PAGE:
My kids are in their 20’s, so Lauree and I did not have to deal with the issues around social media when our boys were teenagers. So, the only experience I have is from coaching teenagers over the past 8 years as Facebook, Twitter, Instagram, now Snapchat have grown to a one click away issue for young men.
As a coach and very active social media business guy, I know that social media tools can be a big benefit. You can get information and fun stuff to players, teammates, fans, etc.. very quickly and in a manner that allows for interaction. As a coach, I use it a lot. Players can use it a lot to keep in touch and be a bigger part of each others lives. I stay in touch with current and past players all the time using social media tools.
But, just like everything related to the internet and remote communications, there is a dark side. These tools are very dangerous if used inappropriately, especially in the hands of teenagers. Face it, teenage boys do not have a lot of common sense. They struggle with rational decisions. This eventually will get better at some point. But, even really good kids can make really bad decisions.
So, mix bad judgement with social media and the result is potentially dangerous. Recent news captures some extreme examples. A lot of stupid stuff can happen quickly, and as soon as parents and authorities get involved, things get out of control. It cannot get to that point.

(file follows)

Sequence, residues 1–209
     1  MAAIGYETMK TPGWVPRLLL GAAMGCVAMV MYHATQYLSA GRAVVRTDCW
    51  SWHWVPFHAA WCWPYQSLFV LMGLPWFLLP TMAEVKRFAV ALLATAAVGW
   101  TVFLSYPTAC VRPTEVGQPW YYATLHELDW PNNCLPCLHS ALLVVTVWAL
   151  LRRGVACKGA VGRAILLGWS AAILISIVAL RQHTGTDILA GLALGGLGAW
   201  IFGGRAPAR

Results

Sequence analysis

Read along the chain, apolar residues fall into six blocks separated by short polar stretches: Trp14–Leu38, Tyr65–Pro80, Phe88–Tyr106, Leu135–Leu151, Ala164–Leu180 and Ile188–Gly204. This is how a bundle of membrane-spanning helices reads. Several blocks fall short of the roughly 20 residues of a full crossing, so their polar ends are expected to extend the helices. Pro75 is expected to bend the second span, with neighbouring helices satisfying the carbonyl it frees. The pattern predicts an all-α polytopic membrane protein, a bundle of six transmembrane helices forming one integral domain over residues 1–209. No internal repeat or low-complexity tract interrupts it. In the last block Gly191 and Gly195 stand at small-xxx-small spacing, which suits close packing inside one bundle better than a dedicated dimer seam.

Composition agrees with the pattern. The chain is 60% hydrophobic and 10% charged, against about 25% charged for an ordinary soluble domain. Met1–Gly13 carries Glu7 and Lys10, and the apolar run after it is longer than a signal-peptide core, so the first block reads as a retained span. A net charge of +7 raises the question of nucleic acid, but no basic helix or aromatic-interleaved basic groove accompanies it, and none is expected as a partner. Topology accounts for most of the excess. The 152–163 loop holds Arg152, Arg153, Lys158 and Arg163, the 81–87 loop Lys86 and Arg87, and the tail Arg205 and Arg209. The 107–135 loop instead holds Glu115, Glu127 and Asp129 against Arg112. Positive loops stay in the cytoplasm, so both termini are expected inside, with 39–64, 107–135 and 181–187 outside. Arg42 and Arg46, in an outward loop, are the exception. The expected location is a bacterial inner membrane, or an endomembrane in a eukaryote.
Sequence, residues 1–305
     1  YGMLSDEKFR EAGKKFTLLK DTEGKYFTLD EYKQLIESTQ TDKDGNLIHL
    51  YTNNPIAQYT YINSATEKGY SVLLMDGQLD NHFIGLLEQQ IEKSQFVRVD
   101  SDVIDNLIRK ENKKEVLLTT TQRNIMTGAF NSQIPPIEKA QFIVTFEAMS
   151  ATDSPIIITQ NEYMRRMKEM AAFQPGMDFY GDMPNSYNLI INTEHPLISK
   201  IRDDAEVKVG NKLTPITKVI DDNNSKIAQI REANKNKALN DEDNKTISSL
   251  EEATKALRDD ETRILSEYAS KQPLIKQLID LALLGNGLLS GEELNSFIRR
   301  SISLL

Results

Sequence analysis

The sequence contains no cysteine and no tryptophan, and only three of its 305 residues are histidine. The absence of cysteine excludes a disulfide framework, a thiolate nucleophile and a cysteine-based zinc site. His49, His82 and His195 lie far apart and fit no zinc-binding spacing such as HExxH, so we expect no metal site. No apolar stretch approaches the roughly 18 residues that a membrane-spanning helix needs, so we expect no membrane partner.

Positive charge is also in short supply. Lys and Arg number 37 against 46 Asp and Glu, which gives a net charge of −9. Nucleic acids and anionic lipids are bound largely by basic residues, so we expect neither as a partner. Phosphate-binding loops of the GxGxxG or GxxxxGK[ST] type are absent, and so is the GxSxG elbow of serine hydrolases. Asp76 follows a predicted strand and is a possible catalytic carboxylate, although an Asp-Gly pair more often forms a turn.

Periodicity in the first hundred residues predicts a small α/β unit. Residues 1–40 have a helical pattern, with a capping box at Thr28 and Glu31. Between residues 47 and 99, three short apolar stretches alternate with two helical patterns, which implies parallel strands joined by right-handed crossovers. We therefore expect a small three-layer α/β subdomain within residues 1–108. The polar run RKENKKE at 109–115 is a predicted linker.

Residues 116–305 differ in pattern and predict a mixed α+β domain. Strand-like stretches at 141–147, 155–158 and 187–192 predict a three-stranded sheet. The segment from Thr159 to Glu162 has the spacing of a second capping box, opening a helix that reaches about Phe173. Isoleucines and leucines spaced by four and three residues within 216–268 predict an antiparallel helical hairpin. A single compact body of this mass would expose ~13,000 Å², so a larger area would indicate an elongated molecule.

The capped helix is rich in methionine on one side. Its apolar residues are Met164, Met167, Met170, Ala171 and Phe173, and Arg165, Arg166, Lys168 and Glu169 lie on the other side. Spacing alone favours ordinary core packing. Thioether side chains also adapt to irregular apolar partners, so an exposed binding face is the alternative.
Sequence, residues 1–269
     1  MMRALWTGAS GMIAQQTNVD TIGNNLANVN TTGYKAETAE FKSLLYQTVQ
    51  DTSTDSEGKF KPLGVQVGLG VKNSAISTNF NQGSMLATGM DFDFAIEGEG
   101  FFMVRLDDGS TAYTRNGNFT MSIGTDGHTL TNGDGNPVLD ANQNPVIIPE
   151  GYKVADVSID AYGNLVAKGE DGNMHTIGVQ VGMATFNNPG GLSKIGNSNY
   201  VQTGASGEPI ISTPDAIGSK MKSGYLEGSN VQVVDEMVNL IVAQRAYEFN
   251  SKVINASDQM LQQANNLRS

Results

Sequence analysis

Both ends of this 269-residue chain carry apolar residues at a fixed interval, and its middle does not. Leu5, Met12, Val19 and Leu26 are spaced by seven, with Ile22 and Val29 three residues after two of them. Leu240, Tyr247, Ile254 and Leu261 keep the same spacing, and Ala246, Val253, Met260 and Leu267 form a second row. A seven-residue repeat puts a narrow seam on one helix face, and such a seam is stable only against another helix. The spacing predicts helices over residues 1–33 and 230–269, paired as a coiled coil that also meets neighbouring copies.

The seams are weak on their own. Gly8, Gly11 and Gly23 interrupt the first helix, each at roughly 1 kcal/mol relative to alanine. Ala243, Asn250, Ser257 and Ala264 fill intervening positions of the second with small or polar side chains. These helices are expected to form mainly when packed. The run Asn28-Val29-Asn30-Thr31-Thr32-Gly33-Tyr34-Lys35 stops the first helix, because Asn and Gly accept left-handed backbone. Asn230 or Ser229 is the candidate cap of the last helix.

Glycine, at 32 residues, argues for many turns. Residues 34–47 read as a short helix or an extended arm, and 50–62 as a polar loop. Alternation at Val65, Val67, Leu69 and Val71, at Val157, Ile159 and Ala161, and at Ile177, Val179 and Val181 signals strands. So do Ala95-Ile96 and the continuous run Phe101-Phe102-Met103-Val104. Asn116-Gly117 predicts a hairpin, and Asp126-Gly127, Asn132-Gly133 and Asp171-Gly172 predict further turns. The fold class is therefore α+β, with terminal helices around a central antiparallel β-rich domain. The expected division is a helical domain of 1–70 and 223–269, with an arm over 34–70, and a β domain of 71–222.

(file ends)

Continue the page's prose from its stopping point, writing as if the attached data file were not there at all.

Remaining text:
I am now adding this to my series of talks to teenage players, along with the “girl talk” and the drugs/alcohol talk. It is the same basic message:
- Everything in life is a choice that you alone make.
- Be responsible for your own actions
- Recognize that your actions have consequences, to yourself and others
I recently attended a social media conference in California– everyone who is anyone in social media was there. My net takeway was this — it’s the Wild West and will be for another decade. As parents and coaches, we need to help our kids navigate through the Wild West, to wear white hats not black, to stay out of the saloons and never, ever touch somebody else’s horse.